What matters now is washing and sanitizing our hands more frequently than we might have just three weeks ago, and not hoarding soaps and hand sanitizers to the point of store stock—aw, you get the picture. Same as said before. Come on, hoarders, we all have to wash up. Be kind.

    What matters now is understanding that we are very much in a we-ism situation, not a me-ism situation. In a pandemic, what we do or don’t do in the singular interest of me-ism can have unintentional impact on not just the singular “me’s” but for we-ism. Make sense? This principle has always mattered—no more, no less than ever before. Just feeling and acting as it matters more so now is ok, if not the most important thing we can do, together. Hence, the heart and art of we-ism.

    What matters now is that in the practice of we-ism we resist useless, dangerous us versus them blaming, ours versus theirs, blatant or passive aggressive racism, xenophobia, and all other disease of mind and spirit that serve no purpose right now. No doubt there is ample buck stopping at the utter failure of leadership and urgent response from, well, whom? An impeached president who continues to prove without fail day in and day out, hour by hour, minute by minute, tweet by tweet, lie by lie, disregard by disregard for the welfare of others, gross by grosser demonstration of a mutant lack of empathy for others, resentment by resentment against declared enemies of his sense of self-importance above all else?

    What matters now is that we vote like our lives depend on electing the Democratic nominee for president, and his soon to be first female vice president, because our lives just might depend on it.

    What matters now is that we respond to the 2020 Census. Notices for participating in the Census are in the mail, with your household’s individual information for completing the Census online. Do it. Be counted.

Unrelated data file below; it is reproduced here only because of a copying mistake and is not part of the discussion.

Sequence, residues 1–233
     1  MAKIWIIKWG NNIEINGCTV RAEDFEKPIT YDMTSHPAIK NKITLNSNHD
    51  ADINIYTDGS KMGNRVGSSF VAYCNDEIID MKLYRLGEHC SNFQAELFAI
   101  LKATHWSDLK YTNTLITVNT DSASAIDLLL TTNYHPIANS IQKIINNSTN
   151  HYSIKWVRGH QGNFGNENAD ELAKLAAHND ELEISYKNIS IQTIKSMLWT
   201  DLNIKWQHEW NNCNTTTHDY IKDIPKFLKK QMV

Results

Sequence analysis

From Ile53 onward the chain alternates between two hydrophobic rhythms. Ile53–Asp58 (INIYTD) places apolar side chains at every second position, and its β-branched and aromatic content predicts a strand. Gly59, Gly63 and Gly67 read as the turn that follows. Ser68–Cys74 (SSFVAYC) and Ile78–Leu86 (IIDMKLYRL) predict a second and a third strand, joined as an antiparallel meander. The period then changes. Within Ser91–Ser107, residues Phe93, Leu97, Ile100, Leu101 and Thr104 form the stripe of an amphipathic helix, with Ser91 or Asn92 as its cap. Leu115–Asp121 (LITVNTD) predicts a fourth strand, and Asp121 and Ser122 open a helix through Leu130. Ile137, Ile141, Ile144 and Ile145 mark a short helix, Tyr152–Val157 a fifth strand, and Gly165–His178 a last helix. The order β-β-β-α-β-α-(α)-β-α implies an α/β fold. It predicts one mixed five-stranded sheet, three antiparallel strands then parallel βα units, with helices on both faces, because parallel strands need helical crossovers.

What matters now is truth. Not spinning, not dodging, not politicizing.

    What matters now is that we remember how a shift in societal response to epidemic forged new blueprints during the fight to address the HIV/AIDS crisis. We should be grateful and better for the lives lost, affected, and forever changed by the emerged and galvanized genius to fight HIV/AIDS. We should be the better for it.

    What matters now is managing end-of-days temptation to devour in one or two sittings multiple boxes of Girl Scout cookies recently stashed in your freezer, with a good bottle of wine.

    What matters now is to build and support community through local newspapers like the San Francisco Bay Times and other small businesses.

    What matters now is that I just received a text from my friend Zwazzi, former director of women’s programs at Glide Memorial. She texts that “a number of folks are at 7 pm tonight to pray and send healing energy against the coronavirus” and will be “holding up healing, good health, and peace.”

    What matters now is that we pray, meditate, and hold up healing and peace in the days ahead. And, of course, having a good TP, soap, and sanitizer supply also helps.

    Thank you, Zwazzi. Count me in, sister.

    Andrea Shorter is a Commissioner and the former President of the historic San Francisco Commission on the Status of Women. She is a longtime advocate for criminal and juvenile justice reform, voter rights and marriage equality. A Co-Founder of the Bayard Rustin LGBT Coalition, she was a 2009 David Bohnett LGBT Leadership Fellow at the Harvard Kennedy School of Government.

    Published on March 26, 2020